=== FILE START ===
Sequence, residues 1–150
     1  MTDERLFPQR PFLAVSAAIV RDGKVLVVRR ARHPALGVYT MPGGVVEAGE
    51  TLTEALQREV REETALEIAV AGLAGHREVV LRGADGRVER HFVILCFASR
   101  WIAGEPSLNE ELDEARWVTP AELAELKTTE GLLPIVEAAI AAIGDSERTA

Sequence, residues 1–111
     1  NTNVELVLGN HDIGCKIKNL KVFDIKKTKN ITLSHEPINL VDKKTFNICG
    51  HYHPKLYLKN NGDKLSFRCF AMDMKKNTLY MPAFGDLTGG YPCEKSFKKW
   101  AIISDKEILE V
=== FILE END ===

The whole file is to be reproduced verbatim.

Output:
Sequence, residues 1–150
     1  MTDERLFPQR PFLAVSAAIV RDGKVLVVRR ARHPALGVYT MPGGVVEAGE
    51  TLTEALQREV REETALEIAV AGLAGHREVV LRGADGRVER HFVILCFASR
   101  WIAGEPSLNE ELDEARWVTP AELAELKTTE GLLPIVEAAI AAIGDSERTA

Sequence, residues 1–111
     1  NTNVELVLGN HDIGCKIKNL KVFDIKKTKN ITLSHEPINL VDKKTFNICG
    51  HYHPKLYLKN NGDKLSFRCF AMDMKKNTLY MPAFGDLTGG YPCEKSFKKW
   101  AIISDKEILE V